Scholastic Strengths Highlight Senior Class

Scholastic Strengths Highlight Senior Class

HHS graduating class celebrates its completion of high school with a few surprises.

teaser: "One of Herndon's Greatest"

<pc>Photos by Brian McNeill/The Connection

The new venue, from the high-school football field to George Mason University's air-conditioned Patriot Center, was the start of change last Friday for the 492 graduating seniors from Herndon High School, and a more comfortable change for their families and friends.

Even though the ceremony was indoors this year, it still included random spurts of silly string, beach balls and foghorns. There were also a few surprises, including an inflatable monkey that briefly crowd-surfed the sea of red hats before it was confiscated.

Another surprise, which drew the most attention, was Sarah Sanders, who upon taking stage, disrobed to reveal a white rabbit costume underneath, complete with ears, before stepping forward to shake her tail and receive her diploma.

THE CLASS OF 2004 has earned the reputation as not only one of the kindest to walk the halls of the high school, but also one of the highest academically ranked classes.

"Academically, they have the highest SOL [Standards of Learning] pass rate," said John Werner, assistant principal at the practice graduation. "Their GPA is the highest, they have a [greater] three or better rate on their AP [advanced placement] tests — which is some of the best, and they have the largest percentage of kids taking AP classes at Herndon High School."

He also said the class has the most minority students to receive honorable mention for the national merit scholarship.

Guest speaker and a favored chemistry teacher, Anthony Petras, noted the communal nature of the class and its desire to succeed, saying, "it's your wisdom, your talent, your giving nature."

"The class of 2004 has proven to be one of Herndon's greatest," he said. "You worked as a group to make academics a priority."

The ceremony also recognized the 81 students who were members of the National Honor Society and students who maintained a GPA of 3.8 or higher, and 4.0 or higher throughout the last four years.

This year's Faculty Award winner, Kyle O'Connor, was announced by principal Janice Leslie who listed his numerous activities, that were school and community related. Leslie said this award was the highest honor a graduating senior could receive.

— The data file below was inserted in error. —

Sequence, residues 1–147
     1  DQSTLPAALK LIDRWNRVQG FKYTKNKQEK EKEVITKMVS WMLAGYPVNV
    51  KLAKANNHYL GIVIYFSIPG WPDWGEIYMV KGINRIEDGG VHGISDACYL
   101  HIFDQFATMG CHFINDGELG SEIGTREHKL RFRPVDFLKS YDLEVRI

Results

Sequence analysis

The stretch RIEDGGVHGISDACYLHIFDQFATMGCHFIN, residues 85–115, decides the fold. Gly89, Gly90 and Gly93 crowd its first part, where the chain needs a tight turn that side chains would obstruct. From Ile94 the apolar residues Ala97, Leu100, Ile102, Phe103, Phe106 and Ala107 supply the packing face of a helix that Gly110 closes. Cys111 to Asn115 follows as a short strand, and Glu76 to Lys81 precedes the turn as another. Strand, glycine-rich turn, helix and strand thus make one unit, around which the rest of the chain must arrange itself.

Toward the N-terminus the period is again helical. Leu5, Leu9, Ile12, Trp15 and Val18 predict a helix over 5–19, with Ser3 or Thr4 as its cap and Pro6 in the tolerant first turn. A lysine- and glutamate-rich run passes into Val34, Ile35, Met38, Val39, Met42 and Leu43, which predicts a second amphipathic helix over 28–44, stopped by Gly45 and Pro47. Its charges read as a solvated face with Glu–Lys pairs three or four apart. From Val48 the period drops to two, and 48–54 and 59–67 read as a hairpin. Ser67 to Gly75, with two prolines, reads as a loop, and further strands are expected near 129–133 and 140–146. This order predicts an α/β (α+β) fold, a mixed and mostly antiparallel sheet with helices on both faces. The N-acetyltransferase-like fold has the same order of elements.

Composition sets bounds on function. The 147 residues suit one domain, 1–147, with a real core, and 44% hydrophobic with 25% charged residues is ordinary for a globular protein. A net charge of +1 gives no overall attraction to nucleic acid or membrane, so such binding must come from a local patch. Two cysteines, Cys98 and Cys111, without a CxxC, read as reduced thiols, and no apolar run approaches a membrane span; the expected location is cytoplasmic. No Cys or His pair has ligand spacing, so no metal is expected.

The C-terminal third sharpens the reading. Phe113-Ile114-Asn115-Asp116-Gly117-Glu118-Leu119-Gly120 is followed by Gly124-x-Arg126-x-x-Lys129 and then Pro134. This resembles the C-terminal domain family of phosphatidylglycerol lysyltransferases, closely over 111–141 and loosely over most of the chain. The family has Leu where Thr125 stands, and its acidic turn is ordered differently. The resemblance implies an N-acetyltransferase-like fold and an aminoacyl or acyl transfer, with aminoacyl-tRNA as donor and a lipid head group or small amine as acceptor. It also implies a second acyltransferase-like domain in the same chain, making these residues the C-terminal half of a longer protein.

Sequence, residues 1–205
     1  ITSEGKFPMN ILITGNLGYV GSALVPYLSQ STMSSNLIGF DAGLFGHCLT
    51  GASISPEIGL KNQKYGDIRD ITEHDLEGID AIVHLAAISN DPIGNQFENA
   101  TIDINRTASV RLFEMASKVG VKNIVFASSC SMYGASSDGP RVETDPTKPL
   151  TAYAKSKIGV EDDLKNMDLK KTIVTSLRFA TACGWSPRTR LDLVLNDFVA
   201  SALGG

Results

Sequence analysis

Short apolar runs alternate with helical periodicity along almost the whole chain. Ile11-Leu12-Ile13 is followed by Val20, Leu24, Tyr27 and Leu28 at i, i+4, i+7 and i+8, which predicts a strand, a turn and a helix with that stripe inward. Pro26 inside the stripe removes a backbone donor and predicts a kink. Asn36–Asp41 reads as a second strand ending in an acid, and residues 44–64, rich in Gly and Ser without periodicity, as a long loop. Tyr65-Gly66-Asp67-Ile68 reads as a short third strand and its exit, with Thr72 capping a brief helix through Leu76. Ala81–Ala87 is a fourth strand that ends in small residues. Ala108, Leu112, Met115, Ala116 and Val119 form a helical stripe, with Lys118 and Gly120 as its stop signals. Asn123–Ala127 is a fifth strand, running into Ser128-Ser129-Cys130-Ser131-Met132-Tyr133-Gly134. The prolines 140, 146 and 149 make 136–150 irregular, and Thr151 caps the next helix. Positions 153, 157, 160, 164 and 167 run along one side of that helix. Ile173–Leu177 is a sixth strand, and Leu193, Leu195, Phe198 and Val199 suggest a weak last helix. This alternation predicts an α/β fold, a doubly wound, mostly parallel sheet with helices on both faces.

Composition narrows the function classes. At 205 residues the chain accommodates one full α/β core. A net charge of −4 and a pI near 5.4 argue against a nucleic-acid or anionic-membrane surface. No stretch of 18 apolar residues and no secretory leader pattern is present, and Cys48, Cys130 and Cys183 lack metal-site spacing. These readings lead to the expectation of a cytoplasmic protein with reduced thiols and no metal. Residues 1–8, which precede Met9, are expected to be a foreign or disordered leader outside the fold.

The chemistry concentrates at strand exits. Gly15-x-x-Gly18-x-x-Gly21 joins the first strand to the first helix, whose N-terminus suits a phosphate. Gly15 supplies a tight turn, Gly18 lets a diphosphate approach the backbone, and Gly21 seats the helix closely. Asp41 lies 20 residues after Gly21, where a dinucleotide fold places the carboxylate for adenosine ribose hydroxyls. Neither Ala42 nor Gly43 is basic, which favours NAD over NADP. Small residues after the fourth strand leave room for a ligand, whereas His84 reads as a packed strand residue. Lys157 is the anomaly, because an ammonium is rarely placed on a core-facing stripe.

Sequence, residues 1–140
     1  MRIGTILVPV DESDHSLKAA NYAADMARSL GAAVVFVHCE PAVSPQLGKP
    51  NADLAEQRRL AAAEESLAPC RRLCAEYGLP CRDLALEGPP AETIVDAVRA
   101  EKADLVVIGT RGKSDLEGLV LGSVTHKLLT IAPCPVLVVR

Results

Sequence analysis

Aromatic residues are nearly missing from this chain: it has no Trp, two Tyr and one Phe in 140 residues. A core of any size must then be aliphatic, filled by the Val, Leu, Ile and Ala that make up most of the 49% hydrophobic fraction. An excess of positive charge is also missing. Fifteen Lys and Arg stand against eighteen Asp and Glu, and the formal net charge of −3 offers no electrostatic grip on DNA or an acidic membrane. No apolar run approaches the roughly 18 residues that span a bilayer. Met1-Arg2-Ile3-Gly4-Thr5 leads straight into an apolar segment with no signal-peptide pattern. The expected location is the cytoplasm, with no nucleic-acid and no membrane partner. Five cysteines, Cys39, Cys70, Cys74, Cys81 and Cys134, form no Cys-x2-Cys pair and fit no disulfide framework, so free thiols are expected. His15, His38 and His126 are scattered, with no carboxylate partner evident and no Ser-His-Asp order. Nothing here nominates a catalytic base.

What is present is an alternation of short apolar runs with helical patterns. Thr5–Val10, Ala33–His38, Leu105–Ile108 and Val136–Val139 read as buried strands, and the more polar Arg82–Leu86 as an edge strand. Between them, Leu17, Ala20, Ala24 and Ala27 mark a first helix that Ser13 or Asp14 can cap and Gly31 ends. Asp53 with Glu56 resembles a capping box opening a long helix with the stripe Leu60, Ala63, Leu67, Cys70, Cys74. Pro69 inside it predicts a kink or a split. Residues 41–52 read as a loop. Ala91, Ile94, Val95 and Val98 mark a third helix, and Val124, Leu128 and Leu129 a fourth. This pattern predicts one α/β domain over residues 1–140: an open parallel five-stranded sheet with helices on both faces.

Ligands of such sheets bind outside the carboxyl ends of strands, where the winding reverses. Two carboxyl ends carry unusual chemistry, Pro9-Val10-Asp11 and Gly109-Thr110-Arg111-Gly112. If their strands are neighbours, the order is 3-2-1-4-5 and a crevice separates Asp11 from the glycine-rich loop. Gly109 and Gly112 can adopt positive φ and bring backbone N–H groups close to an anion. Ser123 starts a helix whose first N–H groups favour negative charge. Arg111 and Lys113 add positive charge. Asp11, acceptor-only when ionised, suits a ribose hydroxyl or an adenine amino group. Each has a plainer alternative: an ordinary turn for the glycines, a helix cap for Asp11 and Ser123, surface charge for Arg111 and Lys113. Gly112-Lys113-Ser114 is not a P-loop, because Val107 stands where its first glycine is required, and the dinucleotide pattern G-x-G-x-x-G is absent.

O'Connor was also recognized for maintaining a GPA of 3.8 or higher for the last four years and will be attending the University of Virginia in the fall.

THROUGHOUT THE CEREMONY there were shouts and whistles by family members and friends to get their senior's attention, as well as random blasts of foghorns as the students received their diplomas.

Becky Johnson, mother to graduate Jena Johnson, said this was her third and final high-school graduation.

"She's my baby, she's my last," Johnson said. "I have mixed feelings. I'm excited because she's going off to college, but it's sad."

Wendy Roberts, mother to graduate Amanda Roberts, like Johnson had attended a prior graduation.

"It was very thrilling, very gratifying," she said. "Even though it's my second daughter to graduate, it's equally as great and wonderful."

She added that she thought this year's ceremony was "physically more comfortable" than the other, but the acoustics could have been better, especially when the choir sang to start the ceremony.

The acoustics weren't hard to hear when Leslie began to tell the seniors to move the tassel from the left side of their mortarboards to the right, prompting the students to erupt in applause, shout and throw their caps in the air.

From there, students and parents crowded the various exits to meet outside the arena in the muggy afternoon heat that had many thankful for the air-conditioned building.

Solitaire Leon, a graduate of all of 10 minutes, summed up the general attitude of her class as she searched to celebrate her accomplishment with her family.

"It feels amazing," she said. "Finally, finally, finally!"